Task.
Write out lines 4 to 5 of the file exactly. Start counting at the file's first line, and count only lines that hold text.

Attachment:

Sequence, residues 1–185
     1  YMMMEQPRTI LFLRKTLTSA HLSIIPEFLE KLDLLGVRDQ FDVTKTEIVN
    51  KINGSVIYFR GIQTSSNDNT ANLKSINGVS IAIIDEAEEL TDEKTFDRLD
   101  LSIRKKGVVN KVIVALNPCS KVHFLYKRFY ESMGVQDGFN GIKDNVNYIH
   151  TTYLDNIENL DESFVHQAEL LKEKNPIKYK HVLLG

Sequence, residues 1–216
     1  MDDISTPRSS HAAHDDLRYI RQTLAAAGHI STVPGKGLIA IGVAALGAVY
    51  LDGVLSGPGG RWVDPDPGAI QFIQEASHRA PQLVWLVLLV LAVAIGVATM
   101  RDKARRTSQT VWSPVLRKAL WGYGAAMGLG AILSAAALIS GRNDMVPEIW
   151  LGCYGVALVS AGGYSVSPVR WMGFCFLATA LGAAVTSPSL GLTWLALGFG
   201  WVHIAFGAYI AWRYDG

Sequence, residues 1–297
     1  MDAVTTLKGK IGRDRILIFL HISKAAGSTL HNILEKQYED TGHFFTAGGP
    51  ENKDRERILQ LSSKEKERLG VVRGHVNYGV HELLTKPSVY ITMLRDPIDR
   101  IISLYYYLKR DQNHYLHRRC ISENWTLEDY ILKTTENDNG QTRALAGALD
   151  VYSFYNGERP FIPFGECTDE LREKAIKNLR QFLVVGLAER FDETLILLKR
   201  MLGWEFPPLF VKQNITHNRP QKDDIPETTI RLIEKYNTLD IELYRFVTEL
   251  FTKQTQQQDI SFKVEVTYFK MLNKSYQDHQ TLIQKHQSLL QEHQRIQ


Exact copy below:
   101  LSIRKKGVVN KVIVALNPCS KVHFLYKRFY ESMGVQDGFN GIKDNVNYIH
   151  TTYLDNIENL DESFVHQAEL LKEKNPIKYK HVLLG